Punjabi Antenna

Informative shows on Bt brinjal
Randeep Wadehra

Agriculture in general and genetically-modified crops in particular dominated the talk shows like Masle (PTC News) and Khabarsar (Zee Punjabi), which devoted considerable time and effort in understanding the various aspects of Bt brinjal and Bt cotton-related controversies (Bt stands for Bacillus Thuringienses — a bacterium used in pesticides which is naturally available in the guts of caterpillars, moths or butterflies). Experts from such disciplines as agriculture, medicine and biotechnology explained the various environmental and health hazards that may ensue if such crops were allowed to be regularly cultivated on a large scale.

Fears were also expressed that dependence on the genetically modified crops would ensure monopoly on seeds of MNCs, opening up the prospects of neo-colonialism where the corporate sector would actually take over Third World countries. Although no economist was present in the discussions telecast by the two channels, the long-term economic effects, too, were mentioned. However, it was clear from the experts’ admissions that enough data was not available for coming to any conclusion regarding the desirability of going in for GM crops. Nevertheless the sentiment — uninformed or the result of disinformation campaign — was strongly against this new breed of agricultural products.

Two questions figured prominently: Has the insecticide lobby been stoking the recent fires of anti-Bt brinjal agitation in the country? Is there a veiled government agenda to take out the marginal farmers (who form about 70% of the farming community) from the agriculture sector and deploy them elsewhere?

The insecticide lobby definitely stands to lose substantially if Bt crops become acceptable for human consumption. Already, there are increasing numbers of scientific reports favouring these crops although the arguments against their consumption have not yet lost their potency. With further research and fine-tuning of the toxin factor, it is quite possible for genetically-modified crops to become staple diets globally. It is this scenario that has turned the pro-insecticide and anti-Bt lobbies desperate. Although the granting of permission to go ahead with Bt Brinjal farming has been postponed for the time-being, the sheer logic of feeding their burgeoning populations will force governments around the world to allow the cultivation of genetically-modified crops.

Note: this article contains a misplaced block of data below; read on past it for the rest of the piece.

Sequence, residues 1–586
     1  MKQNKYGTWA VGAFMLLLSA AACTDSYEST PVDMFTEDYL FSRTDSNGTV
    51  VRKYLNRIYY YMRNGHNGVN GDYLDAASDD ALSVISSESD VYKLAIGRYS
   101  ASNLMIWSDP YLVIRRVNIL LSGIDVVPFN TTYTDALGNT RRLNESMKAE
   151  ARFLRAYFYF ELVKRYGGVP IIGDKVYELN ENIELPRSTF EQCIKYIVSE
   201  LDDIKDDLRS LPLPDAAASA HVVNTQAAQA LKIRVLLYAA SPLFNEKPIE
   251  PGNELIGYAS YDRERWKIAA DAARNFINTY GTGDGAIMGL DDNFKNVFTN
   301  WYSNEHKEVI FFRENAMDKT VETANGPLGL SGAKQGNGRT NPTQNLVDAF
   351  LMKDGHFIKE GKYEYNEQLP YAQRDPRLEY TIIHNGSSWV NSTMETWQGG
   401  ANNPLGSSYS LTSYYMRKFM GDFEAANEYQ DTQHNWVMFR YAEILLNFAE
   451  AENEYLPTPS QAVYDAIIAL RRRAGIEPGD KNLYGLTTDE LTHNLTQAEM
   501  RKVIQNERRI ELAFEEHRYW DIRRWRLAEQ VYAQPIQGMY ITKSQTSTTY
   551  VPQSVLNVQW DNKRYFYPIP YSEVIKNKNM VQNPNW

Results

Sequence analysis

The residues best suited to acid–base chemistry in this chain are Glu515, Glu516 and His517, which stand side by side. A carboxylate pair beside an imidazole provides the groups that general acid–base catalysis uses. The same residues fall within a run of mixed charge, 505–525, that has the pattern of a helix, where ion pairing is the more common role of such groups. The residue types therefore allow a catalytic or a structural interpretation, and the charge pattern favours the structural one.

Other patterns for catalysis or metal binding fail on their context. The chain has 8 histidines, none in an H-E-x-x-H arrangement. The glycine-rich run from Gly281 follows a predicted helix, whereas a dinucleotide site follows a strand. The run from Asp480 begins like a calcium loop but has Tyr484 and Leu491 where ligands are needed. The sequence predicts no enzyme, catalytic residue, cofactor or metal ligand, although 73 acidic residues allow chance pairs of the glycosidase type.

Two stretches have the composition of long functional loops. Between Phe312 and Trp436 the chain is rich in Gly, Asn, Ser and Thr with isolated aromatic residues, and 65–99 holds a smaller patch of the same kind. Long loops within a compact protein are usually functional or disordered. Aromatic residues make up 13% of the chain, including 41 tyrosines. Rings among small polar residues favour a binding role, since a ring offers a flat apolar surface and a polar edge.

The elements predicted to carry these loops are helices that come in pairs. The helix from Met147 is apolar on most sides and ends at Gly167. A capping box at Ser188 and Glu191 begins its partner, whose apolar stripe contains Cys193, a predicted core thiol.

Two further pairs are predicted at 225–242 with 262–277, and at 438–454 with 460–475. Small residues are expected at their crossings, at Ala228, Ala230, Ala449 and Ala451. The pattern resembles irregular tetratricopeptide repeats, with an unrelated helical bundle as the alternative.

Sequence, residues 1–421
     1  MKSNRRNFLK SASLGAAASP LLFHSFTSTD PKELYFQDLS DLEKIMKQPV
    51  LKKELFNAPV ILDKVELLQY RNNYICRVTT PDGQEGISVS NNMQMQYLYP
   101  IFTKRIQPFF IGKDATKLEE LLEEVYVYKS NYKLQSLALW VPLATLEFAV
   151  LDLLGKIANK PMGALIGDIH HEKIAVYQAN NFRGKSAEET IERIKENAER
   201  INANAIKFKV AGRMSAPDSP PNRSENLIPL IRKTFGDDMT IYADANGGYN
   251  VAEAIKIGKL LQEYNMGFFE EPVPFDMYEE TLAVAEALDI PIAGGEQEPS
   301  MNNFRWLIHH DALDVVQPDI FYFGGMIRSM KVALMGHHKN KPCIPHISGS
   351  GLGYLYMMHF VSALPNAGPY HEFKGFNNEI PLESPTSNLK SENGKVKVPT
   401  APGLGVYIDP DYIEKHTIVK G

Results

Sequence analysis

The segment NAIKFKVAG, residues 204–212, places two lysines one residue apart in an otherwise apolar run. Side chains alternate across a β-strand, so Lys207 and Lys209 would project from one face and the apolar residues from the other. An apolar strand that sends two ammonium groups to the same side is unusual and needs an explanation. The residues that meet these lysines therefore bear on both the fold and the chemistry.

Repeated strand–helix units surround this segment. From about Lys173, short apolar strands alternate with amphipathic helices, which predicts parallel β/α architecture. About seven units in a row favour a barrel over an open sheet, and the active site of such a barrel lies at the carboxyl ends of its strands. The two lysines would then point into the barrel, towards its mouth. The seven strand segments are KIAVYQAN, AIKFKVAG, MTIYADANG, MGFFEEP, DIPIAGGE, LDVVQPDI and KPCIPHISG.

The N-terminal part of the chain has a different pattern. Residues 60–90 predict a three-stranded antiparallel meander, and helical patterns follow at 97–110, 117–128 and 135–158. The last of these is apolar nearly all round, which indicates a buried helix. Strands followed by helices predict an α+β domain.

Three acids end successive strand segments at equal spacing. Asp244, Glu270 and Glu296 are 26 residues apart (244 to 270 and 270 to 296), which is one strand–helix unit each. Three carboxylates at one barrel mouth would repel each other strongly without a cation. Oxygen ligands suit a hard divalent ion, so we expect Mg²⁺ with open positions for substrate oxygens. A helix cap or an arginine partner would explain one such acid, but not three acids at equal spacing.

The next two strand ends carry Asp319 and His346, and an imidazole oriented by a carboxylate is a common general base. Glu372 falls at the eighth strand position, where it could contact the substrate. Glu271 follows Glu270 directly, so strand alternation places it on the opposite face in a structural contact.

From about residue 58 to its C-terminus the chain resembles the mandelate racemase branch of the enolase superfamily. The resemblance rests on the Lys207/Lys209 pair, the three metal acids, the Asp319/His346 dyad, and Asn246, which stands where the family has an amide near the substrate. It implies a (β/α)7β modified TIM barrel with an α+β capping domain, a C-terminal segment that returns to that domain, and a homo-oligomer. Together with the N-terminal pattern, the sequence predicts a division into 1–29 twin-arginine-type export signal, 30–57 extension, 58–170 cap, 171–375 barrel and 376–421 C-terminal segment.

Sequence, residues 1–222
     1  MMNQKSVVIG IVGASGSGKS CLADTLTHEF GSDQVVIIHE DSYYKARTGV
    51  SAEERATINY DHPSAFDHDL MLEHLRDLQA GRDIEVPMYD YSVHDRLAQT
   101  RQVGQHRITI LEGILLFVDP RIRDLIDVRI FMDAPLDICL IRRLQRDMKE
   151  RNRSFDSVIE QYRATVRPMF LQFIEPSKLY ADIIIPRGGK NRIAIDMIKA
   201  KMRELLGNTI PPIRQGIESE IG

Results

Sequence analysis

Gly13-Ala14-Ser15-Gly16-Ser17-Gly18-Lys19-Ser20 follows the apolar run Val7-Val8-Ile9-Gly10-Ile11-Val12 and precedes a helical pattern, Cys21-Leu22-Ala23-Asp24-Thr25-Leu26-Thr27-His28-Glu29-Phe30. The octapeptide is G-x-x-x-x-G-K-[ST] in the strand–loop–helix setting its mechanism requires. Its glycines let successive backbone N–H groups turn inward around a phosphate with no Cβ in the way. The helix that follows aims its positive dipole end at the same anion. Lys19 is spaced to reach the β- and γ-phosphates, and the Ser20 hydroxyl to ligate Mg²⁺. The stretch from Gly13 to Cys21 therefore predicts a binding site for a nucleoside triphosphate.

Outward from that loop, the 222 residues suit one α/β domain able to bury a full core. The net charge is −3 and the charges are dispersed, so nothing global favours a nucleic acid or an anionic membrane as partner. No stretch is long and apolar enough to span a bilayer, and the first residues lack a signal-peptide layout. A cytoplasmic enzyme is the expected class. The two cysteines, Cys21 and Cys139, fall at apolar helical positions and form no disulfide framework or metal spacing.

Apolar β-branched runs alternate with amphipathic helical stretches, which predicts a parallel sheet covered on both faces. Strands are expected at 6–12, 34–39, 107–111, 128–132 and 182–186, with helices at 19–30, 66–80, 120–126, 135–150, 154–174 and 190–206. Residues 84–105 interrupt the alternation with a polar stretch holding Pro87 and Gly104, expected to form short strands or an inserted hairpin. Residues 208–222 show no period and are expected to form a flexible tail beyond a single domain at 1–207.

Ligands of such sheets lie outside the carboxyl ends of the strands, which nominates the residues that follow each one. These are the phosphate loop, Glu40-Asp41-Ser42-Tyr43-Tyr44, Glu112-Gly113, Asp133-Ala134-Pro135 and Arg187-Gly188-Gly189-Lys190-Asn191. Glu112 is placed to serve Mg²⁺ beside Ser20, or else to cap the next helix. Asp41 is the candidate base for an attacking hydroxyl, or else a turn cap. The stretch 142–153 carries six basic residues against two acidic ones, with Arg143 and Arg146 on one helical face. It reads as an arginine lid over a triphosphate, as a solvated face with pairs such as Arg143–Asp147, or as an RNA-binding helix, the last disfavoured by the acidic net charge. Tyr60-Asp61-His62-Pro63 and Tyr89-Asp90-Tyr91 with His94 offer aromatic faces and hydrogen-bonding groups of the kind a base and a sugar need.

The second question might be merely speculative but one hard fact mentioned during the discussions needs to be seriously studied. The average monthly income of a farmer in India is less than Rs 3,000, whereas a government chaprasi’s monthly salary is Rs 15,000. This, in a nation where the farmer is often referred to as annadaata.

Are the Bhasha awards, given by the Punjab State Language Department, leading to unhealthy practices? This question was debated on the sets of Samwad (PTC News). The invited guests were such litterateurs as Piara Singh Bhogal, who has been recently given the Shiromani Punjabi Sahitkar Award and is a noted literary critic with dozens of books to his credit, including four novels, apart from several short stories; Dr Dalbir Singh Sirjana, who won the first ever Shiromani Punjabi Sahitak Pattarkar Award and runs the magazine, Sirjana, since even before Amrita Pritam started Nagmani; and Dr Sutinder Singh Noor, the eminent writer, poet, critic, and vice-president of the Bharatiya Sahitya Akademi as well as member of the governing council of the Punjabi Akademi.

While it is true that no award is free from controversy, the panellists pointed out that the Bhasha awards started attracting acrimony only after the prize money was recently jacked up several fold. Sifarish, including political pressures, is a potent tool in influencing the outcome. There were several suggestions to make the system immune to such pressures. But, the point is, no system can work without having people to man it, and there is no system that can cure human frailties.